FILE - Augusta, Maine

Downtown Augusta, Maine, along the Kennebec River.

Maine received high marks for its cultural amenities and low crime rate, but was dinged heavily for affordability and weather in a recent report that stacked up how each state fared on retirement-friendly features.

Financial analysis site Bankrate recently released an analysis on the best and worst states for retirement. Maine, overall, ranked No. 31 among the 50 states.

Bankrate looked at a number of criteria as it sized up one state to the next on retirement-friendly features. Each state was ranked on five factors: affordability, crime, culture, weather and wellness.

Analysts with Bankrate reportedly combed through assorted rankings before issuing the rankings.

Sources such as the Council for Community and Economic Research, for instance, were mined for cost of living data used for the affordability ranking, while the FBI’s 2017 Crime in the United States report was the basis for the look at how safe each state is.

Maine’s results were a mixed bag. The state excelled in the culture category, taking the top spot across the nation, based on data of persons ages 65 and up from the U.S. Census Bureau, which was used in comparison to the number of arts, entertainment and recreation establishments per capita.

Jess Maurer, executive director of the organization Maine Council on Aging, said she was not surprised by the state’s strong showing in the category.

“Our smaller communities have a rich tradition of engagement and help, from church suppers to lobster boat races to art exhibits. There’s always something happening,” Maurer said. “Our vibrant cities offer residents access to some of the country’s best food, music, art and craft beer.”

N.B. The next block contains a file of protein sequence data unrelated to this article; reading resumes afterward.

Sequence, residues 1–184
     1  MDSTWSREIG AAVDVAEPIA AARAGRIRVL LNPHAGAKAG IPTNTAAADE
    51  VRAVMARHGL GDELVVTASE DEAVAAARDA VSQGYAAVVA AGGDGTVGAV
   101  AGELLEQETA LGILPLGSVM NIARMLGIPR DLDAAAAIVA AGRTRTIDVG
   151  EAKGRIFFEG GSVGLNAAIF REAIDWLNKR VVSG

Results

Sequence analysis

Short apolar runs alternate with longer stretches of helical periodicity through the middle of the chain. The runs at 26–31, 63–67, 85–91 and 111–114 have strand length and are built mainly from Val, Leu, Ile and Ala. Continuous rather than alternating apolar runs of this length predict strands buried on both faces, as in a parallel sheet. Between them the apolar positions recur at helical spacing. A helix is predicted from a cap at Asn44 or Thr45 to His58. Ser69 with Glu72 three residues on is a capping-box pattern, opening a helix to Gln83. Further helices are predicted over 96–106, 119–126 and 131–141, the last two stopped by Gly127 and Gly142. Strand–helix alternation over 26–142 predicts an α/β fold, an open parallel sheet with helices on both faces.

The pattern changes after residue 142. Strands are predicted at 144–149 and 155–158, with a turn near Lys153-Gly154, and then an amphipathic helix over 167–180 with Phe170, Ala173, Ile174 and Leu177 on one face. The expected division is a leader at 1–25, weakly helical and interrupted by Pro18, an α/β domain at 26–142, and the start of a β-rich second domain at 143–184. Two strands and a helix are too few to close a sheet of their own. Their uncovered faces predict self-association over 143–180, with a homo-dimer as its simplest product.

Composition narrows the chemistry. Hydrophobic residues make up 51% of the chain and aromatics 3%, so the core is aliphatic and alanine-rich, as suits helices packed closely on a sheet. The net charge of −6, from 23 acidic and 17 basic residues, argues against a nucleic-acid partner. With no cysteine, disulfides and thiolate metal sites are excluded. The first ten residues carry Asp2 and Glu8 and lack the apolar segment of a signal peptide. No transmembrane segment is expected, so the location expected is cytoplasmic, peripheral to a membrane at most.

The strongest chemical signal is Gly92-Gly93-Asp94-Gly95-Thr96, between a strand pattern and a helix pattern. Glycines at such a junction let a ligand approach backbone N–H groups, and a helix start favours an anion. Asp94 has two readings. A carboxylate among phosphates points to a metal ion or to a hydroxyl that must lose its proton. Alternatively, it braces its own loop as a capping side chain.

Another category where Maine received high marks in Bankrate’s analysis was crime. Across the U.S, Bankrate’s analysts said the state was the third safest for seniors. Maine also was above average in the wellness category, with a No. 18 ranking.

But the state earned lower scores elsewhere for senior-friendliness, including a No. 35 ranking for affordability and a near-bottom No. 48 for the weather.

Bankrate’s methodology weighted each of the rankings differently. Affordability, for example, comprised 40 percent of the overall rank, followed by wellness (25 percent), culture and weather (each at 15 percent) and crime (5 percent).

In a statement, Mark Hamrick, senior economic analyst with Bankrate, shared the rationale behind the weighted rankings.

“Where to live is probably one of the most personal decisions one can make because it’s not just about preferences, it’s also about the financial considerations that are associated with it,” Hamrick said in the statement.

Florida, loosely considered the haven for many retirees, was among the top retiree-friendly states in Bankrate’s analysis, though the Sunshine State did not earn the top spot. That honor went to Nebraska, followed by Iowa, Missouri, South Dakota and, at No. 5, Florida.

The five least senior-friendly states in Bankrate’s analysis were Washington, Illinois, Alaska, New York and, at No. 50, Maryland.